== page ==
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"hAtE cAn Be UnLeArNeD."

Hate /hāt/

verb verb: hate; 3rd person present: hates; past tense: hated; past participle: hated; gerund or present participle: hating

  1. feel intense or passionate dislike for (someone). "the boys hate each other" Similar: loathe, detest, dislike greatly, abhor, abominate, despise, execrate, feel aversion toward, feel revulsion toward, feel hostile toward, be repelled by, be revolted by, regard with disgust, not be able to bear/stand, be unable to stomach, find intolerable, shudder at, recoil from, shrink from, hate someone's guts, disrelish Opposite: love, like

    • have a strong aversion to (something). "he hates flying"

    • used politely to express one's regret or embarrassment at doing something. "I hate to bother you" Similar: be sorry, be reluctant, be loath, be unwilling, be disinclined, regret, dislike, not like, hesitate

    • INFORMAL express strong dislike for; criticize or abuse. "I can't hate on them for trying something new"

noun noun: hate

  1. intense or passionate dislike. "feelings of hate and revenge"

  • denoting hostile actions motivated by intense dislike or prejudice. modifier noun: hate "a hate campaign"

Definition from: Oxford Languages



What a hardcore word.

Don't you agree?

Some people say that since hate is learned, it can be unlearned.

But I don't know about the "unlearn" part:

I mean,

walking is learned.

Can you willingly unlearn that?

That knowledge is inculcated right down to your sinews:

Without major, involuntary trauma, there's no way to get rid of such a habit.

Get my drift?

In case you didn't, my point is that:

It's the same with hate.

Hate is so ingrained that it's a part of homeostasis for folks at this point.

Hate is how you raise a White teen ( to conflate respect for law enforcement as morality. Hate is how he thought (and still thinks) that property is more valuable than life. Hate is how he ends up thinking that it's ok for him to have an adult get him a lethal weapon to defend that belief. Hate is how that same teen can feel provoked enough to then travel to another state with that gun to a Black Lives Matter protest. Hate is how he can stop to chat with police (his fellow Whites) when he got there and tell them exactly what he's going to do (

Hate is how those policer officers didn't stop him.

Hate is this wannabe-cop murdering two people that night. Hate is the police not immediately apprehending him. Hate is choosing an abrasive, biased, conservative hardliner to be the judge in his case ( & Hate is somehow making this murder case about self-defense, and nothing else.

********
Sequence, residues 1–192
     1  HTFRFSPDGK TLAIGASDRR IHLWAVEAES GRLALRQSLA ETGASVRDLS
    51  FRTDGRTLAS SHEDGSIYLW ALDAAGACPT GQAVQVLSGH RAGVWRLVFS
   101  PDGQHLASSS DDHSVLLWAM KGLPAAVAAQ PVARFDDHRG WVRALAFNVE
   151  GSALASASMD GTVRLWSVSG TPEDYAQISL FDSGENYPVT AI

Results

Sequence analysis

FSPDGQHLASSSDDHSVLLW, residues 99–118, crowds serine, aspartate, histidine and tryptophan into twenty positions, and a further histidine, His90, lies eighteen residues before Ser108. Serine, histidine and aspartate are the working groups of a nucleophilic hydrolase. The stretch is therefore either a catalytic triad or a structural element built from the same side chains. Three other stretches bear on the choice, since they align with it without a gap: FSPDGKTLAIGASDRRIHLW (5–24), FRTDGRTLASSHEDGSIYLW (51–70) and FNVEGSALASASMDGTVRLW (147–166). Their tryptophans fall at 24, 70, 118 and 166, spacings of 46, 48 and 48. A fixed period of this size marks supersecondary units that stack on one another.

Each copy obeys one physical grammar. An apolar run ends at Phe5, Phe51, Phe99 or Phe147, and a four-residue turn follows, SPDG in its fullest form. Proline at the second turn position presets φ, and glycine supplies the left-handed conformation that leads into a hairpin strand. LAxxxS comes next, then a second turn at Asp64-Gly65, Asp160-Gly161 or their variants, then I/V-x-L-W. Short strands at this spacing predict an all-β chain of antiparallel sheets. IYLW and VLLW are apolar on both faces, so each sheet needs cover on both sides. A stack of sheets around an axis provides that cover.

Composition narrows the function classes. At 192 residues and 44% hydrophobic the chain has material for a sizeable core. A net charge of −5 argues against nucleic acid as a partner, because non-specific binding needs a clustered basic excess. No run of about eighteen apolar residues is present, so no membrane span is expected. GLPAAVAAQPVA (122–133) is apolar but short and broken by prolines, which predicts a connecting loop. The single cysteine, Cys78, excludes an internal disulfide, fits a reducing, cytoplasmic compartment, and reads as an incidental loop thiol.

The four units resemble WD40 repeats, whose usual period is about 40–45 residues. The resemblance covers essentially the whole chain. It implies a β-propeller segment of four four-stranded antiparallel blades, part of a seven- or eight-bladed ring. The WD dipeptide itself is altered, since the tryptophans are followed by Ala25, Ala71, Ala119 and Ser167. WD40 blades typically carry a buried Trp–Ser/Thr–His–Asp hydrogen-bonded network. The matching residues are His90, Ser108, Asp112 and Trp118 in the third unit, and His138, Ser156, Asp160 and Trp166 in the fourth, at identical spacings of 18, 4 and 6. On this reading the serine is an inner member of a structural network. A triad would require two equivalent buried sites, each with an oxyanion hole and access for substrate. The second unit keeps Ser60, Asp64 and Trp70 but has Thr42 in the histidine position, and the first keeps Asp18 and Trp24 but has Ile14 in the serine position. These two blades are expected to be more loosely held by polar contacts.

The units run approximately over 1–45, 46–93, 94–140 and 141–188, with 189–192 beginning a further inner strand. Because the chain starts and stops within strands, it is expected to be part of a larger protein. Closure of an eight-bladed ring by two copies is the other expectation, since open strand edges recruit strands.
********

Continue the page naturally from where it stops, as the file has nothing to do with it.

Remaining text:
Hate is banking on white solidarity by choosing an all-White jury (yes, this includes the token pErSoN oF cOlOr). Hate is banking on the power of conflating white tears with remorse during the court case. Hate is acquitting this now 18-year old race-warrior ( Hate is using the law to rationalize the absurdity of his acquittal on all counts (

Hate is two republican Congressmen offering this real-life Batman internships in government to make sure that this vigilante has a bright future ( Hate is this teen terrorist going on tv to deny that he's racist after it all (

Hate is White people knowing that had Kyle Rittenhouse been Black, they wouldn't have let him away with it (

Hate is all that: personal, interpersonal, structural, and dynamic.

Yet some social justice folks have the nerve to talk as if unlearning is probable?

Is it because they believe that "where there's a will, there's a way"???

If so, that's hilarious, because on certain things (such as human rights), if there isn't at least a consensus of the majority to share a will, then there isn't a way.

In addition to that, I don't think that most of the people who talk about unlearning truly willing to be that involuntary trauma for those who are empowered by hate.

You know why?

Because they always seem to forget how complex (and profitable) hate is.

Look at the definition above.

How many neurons would have to be built to take unlearning on? And how much blood, (symbolic or literal) would have to be spilled to make the unlearning "stick"?

Just ask yourself:

Could you consider hate "unlearned" without fair verdicts? Or at least without an opportunity for hate's victims to practice self-defense--UNDETERRED--for once ( & &

I couldn't.


isn't just a feeling.

It isn't just how you talk or think either.


Is also what you do.

And what you refuse (while you have a choice) to undo.

It's the constructs around us.

It's the ways we're reminded that we've been denied self-determination.

So...the chances of uNlEaRnInG hAtE through voluntary willpower???


But I think consistent double-think is possible...

Especially considering the outcome of the Aubrey case, which was held simultaneously (elsewhere) with the Rittenhouse one.

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